Robotic technology realizes art exhibition
When working on two stone and glass exhibits for an upcoming art show, architect Cristina Parren᷉o turned to the expertise of Precision Stone in Long Island, NY and their state-of-the-art Roboticom Scultorob with Diamut tooling
Over his 25-year career in glass and stone processing for architectural applications, Kerry Clark had never been asked to find a tooling solution for creating artifacts for an art exhibition. Then one day, Clark, who is brand sales manager for Diamut America’s glass division, received a call from Miles Driscoll, design engineering manager at Precision Stone in Long Island, NY. Driscoll had been chosen to collaborate with noted architect and MIT teacher Cristina Parren᷉o on fabricating two artifacts for her upcoming exhibition at Art Omi in Ghent, NY. The exhibition, “TransTectonics in Construction,” would showcase a set of four artifacts that challenge conventional material assemblies through unorthodox translation of processes and tectonics.
Parren᷉o’s vision for her “Ghost of Stone” prototype was to use a massive carving technique typically associated with the tectonics of stone masonry but translated into the material of glass. Driscoll would also carve the rock for a piece shaped like “Ghost of Stone” that Parreño entitled “Rock in Full Metal Jacket” in which the machined volcanic rock would be joined with poured aluminum at MIT.
Parren᷉o would fabricate two other prototypes for the exhibition herself: “PlyGlass,” a provocation where the technique of lamination typically associated to plywood is applied to the material of glass creating transparent strength through redundancy. And “Wooden Bubble,” created by blowing glass on a wood mold, making the wood burn in the process.
After learning more about the project from Driscoll, Clark was eager to come up with the ideal tooling solution for carving “Ghost of Stone.” “Even though an art exhibition is not our typical project, we address new applications all the time for glass and stone shop customers,” he said. “When you think about it, every project that comes through the door really is a work of art to us. I am always challenged to come up with a solution for the fabricator to provide to the designer, who takes it to the architect. Projects often involve many technical and artistic challenges.”
Diamut makes tooling for most any machine on the market so that was the focus of Clark’s first question to Driscoll: “What machine will you use?” Roboticom’s Scultorob, a 7-axis robotic system for milling and turning operations on models and prototypes, was the response. “What material do you need to cut?” was another question asked. Originally, Parren᷉o had done some tests with glass block made with layers of laminated glass. Clark knew that sort of material is among the hardest to fabricate because it builds up on the tool’s diamond band and actually pulls away the diamonds from the bond. During Parren᷉o’s further exploration, solid glass block became the material of choice for the exhibit.
“Miles shared the drawings and explained that he needed tools for high removal and for intricate design,” Clark said. “Knowing all that, the best solution in my opinion was using several different sizes of our Cup Routers. Diamut Cup Routers are able to work on two fronts -- on their side and on their face. In the process, they actually do two jobs in one pass -- thick removal on one side and intricate design on the other at a 45-degree angle. For “Ghost of Stone,” Miles was going to have to make a back-and-forth type motion all the way from the largest portion, down to every minute tip of the prototype. He needed it to be stable with what we call free-cutting to ensure the cleanest cut possible. I also suggested operating parameters to help ensure the best quality -- giving him a full range of possibilities to create the desired intricacy.”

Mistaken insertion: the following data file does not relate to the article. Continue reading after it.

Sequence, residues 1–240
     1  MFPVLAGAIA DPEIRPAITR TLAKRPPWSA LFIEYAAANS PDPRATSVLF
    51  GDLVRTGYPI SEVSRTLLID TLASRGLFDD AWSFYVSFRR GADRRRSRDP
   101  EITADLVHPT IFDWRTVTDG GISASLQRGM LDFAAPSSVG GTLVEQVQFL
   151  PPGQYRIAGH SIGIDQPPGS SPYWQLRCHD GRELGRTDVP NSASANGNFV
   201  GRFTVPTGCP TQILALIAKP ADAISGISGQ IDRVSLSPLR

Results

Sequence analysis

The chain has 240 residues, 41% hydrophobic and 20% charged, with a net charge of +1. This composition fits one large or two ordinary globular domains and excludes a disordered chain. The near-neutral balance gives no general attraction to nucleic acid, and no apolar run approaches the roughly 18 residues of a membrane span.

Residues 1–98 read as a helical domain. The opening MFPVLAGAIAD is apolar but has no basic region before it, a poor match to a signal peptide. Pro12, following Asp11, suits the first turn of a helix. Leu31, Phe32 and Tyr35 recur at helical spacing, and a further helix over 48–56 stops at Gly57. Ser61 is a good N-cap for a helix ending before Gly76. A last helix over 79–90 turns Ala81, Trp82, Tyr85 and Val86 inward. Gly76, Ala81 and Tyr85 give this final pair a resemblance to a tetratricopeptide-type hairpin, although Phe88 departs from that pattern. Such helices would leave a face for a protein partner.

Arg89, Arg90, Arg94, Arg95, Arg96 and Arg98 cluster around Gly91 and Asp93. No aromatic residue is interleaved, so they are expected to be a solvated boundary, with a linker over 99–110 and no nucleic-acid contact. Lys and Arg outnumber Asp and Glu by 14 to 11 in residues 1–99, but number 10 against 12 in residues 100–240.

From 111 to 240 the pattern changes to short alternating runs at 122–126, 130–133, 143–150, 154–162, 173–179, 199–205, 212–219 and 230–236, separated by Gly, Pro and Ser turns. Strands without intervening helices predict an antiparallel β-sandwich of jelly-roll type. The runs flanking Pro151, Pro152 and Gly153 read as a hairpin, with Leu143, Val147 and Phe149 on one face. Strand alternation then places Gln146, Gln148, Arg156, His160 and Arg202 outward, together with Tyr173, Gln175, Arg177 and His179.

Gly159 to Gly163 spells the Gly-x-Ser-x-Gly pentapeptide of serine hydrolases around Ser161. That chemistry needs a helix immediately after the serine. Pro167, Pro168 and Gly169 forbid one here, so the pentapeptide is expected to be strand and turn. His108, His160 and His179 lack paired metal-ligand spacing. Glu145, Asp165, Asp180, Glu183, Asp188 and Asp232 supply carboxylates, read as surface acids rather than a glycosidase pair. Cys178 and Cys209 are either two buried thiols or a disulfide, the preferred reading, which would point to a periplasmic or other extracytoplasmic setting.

For Driscoll, the challenge of “Ghost of Stone” was taking down the glass block so nothing chipped off, achieving the right geometries. The first challenge for “Rock in Full Metal Jacket” was determining and sourcing the right material. “Volcanic rock, which is usually used as a landscaping boulder, is extremely soft,” he said. “Because it is light, not dense, and very porous, the poured aluminum could flow into it. The second challenge was that it milled very quickly.”
Both Clark and Driscoll knew realizing Parren᷉o’s vision and unique concepts would demand the utmost attention to detail. A licensed architect in Spain and the U.K., Parreno’s research in TransTectonics at MIT explores non-conventional assemblies of materials through small prototypes, later translated to larger scales and contexts to become architectural installations that activate public spaces.
“The concept behind this exhibition of 12 x 12 x 12 prototypes is extremely relevant for architecture,” Parren᷉o said. “It is a way of working with interesting materials, digital technology and super-advanced machines, but at the same time incorporating timed-honored craft, the old ways of working with materials.”
Anyone who attends the exhibition will see how each of Parreño’s pieces clearly stretches the limits of innovation in design research. Biesse Group and its Diamut subsidiary show similar intensity in pushing the limits of technology to deliver tooling and automation solutions to commercial shops that work with glass, stone and other materials.
“In Construction: Cristina Parren᷉o” ran from February 9 through March 17 in the Kantor Lobby of the Benenson Center at Art Omi.